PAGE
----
So, in terms of being able to handle workloads, we now have an operating system that could handle large of amount of codes and processors on a monolithic system, on clusters, huge memory configurations, enterprise storage, all those things are part of the operating system today. Where Linux lags behind some of the more other commercial enterprise products includes commercial [UNIX systems] as well as Windows-based enterprise environments, and the mainframe is really in management.

The reason why management has become so important this year and it will be over the coming years, is that more and more enterprises are going to be divorcing themselves from owning their own infrastructure and that’s just because you have a crappy economy, people don’t want to have computer assets anymore, they want to buy it as a service, essentially infrastructure-as-a-service from hosting and cloud providers. Or, if they want to have their own infrastructure, they need to be able to provision it very quickly.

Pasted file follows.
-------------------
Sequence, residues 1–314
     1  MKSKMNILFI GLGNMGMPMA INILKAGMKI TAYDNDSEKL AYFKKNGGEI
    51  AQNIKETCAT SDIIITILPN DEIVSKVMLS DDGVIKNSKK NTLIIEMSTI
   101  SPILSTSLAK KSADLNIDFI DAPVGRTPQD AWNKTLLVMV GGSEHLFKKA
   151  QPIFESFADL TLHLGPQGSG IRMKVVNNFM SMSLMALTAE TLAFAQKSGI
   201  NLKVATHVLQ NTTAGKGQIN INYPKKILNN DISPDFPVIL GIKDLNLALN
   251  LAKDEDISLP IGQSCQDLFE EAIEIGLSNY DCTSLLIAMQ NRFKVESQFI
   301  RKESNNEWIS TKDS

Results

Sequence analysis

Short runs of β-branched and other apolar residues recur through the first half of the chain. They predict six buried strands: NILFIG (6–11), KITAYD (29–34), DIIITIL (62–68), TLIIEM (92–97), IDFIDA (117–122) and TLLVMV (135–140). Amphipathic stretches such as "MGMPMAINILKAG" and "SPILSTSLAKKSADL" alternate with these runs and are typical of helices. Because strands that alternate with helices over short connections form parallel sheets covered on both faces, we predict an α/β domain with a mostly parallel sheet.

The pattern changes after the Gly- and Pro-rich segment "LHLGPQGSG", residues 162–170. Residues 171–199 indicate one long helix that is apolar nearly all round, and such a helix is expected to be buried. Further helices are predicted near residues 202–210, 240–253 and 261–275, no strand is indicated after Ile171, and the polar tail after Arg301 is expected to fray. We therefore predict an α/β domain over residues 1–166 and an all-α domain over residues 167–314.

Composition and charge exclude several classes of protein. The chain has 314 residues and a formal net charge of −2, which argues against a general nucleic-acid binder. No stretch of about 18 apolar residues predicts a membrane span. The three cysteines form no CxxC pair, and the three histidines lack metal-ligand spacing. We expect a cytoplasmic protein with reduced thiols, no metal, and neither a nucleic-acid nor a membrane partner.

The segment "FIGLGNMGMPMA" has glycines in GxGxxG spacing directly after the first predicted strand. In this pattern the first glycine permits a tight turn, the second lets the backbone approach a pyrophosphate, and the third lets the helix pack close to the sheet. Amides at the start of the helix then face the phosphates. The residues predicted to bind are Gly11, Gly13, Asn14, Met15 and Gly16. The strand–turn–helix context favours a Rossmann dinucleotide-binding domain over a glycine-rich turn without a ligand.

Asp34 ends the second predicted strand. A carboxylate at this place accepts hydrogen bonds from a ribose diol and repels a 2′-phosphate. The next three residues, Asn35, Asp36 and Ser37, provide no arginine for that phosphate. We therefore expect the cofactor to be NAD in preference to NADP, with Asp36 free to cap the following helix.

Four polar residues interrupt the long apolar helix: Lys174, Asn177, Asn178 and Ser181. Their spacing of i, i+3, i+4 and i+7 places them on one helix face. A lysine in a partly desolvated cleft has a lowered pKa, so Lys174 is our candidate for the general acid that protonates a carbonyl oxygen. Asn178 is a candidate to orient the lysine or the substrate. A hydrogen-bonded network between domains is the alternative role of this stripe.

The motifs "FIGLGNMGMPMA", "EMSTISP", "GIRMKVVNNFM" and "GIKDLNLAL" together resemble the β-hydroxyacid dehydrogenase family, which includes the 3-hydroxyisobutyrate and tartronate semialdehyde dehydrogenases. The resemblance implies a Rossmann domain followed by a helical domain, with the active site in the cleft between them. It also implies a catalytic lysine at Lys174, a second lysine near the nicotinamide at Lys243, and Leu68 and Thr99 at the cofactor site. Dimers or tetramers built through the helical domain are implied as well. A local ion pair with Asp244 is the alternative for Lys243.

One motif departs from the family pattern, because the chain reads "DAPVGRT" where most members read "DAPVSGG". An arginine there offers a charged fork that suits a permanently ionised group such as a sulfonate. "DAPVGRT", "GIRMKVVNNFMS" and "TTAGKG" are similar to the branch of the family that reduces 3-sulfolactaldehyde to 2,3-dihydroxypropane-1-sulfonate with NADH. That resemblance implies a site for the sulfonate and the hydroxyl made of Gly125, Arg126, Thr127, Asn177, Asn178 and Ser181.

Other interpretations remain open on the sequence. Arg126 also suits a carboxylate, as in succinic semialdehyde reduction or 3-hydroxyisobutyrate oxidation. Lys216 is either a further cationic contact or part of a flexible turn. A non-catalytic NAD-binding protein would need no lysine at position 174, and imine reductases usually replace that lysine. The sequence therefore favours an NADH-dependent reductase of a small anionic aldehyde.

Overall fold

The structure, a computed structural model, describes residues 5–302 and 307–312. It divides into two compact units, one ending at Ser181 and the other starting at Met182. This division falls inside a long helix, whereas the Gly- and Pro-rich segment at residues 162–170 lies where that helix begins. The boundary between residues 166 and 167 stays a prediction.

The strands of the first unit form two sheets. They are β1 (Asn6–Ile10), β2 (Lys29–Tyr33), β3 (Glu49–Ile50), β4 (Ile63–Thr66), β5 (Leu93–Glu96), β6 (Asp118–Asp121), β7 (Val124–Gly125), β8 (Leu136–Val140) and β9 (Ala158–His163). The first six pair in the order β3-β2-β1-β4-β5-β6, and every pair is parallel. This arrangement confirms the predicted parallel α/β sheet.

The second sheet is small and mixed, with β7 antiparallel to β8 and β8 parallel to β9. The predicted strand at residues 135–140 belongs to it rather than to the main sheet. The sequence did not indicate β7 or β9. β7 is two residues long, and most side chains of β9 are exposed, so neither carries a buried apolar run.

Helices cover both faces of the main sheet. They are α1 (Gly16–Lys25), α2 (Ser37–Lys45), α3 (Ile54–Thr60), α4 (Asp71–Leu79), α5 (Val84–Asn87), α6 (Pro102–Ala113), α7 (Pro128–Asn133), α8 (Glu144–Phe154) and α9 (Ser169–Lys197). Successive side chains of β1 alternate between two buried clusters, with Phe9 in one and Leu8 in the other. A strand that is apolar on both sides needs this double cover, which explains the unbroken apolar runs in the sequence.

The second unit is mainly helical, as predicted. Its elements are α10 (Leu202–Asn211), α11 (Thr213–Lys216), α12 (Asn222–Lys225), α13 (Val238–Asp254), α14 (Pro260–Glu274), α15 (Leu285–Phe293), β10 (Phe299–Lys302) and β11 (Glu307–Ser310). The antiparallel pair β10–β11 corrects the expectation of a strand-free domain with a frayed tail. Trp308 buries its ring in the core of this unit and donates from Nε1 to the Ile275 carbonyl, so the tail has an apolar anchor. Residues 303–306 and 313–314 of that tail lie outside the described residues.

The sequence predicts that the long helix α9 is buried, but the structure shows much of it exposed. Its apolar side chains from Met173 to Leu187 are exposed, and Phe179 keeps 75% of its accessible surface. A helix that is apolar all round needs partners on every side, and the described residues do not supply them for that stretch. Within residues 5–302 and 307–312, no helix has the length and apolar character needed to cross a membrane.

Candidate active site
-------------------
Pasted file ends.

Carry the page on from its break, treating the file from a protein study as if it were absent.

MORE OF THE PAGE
So, you don’t want to have a situation where you bring a virtual server up or any kind of server up, and it take hours or days or weeks to get it configured and ready for production. You want to be able to spin it up within minutes. And not just one server, you want to be able to spin up a whole group of servers that are part of an application architecture pretty quickly. So, typically in a 3-tier architecture, you might have a web server, you might have a middleware server and a database server, that’s one simple configuration.